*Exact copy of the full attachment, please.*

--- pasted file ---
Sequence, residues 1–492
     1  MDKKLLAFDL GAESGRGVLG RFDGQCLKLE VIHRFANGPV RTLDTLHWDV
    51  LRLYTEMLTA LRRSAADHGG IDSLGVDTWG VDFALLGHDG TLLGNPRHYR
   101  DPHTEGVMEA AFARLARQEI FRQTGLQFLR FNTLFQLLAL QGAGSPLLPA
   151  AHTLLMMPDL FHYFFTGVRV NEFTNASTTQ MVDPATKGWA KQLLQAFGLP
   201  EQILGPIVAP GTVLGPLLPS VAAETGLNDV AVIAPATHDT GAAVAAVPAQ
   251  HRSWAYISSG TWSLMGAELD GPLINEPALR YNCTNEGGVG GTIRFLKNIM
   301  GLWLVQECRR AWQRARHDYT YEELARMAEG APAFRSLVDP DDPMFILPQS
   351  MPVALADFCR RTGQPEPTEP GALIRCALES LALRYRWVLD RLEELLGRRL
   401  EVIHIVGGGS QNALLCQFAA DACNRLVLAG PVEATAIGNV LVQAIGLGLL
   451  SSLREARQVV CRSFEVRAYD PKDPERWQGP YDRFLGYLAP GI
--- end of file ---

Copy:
Sequence, residues 1–492
     1  MDKKLLAFDL GAESGRGVLG RFDGQCLKLE VIHRFANGPV RTLDTLHWDV
    51  LRLYTEMLTA LRRSAADHGG IDSLGVDTWG VDFALLGHDG TLLGNPRHYR
   101  DPHTEGVMEA AFARLARQEI FRQTGLQFLR FNTLFQLLAL QGAGSPLLPA
   151  AHTLLMMPDL FHYFFTGVRV NEFTNASTTQ MVDPATKGWA KQLLQAFGLP
   201  EQILGPIVAP GTVLGPLLPS VAAETGLNDV AVIAPATHDT GAAVAAVPAQ
   251  HRSWAYISSG TWSLMGAELD GPLINEPALR YNCTNEGGVG GTIRFLKNIM
   301  GLWLVQECRR AWQRARHDYT YEELARMAEG APAFRSLVDP DDPMFILPQS
   351  MPVALADFCR RTGQPEPTEP GALIRCALES LALRYRWVLD RLEELLGRRL
   401  EVIHIVGGGS QNALLCQFAA DACNRLVLAG PVEATAIGNV LVQAIGLGLL
   451  SSLREARQVV CRSFEVRAYD PKDPERWQGP YDRFLGYLAP GI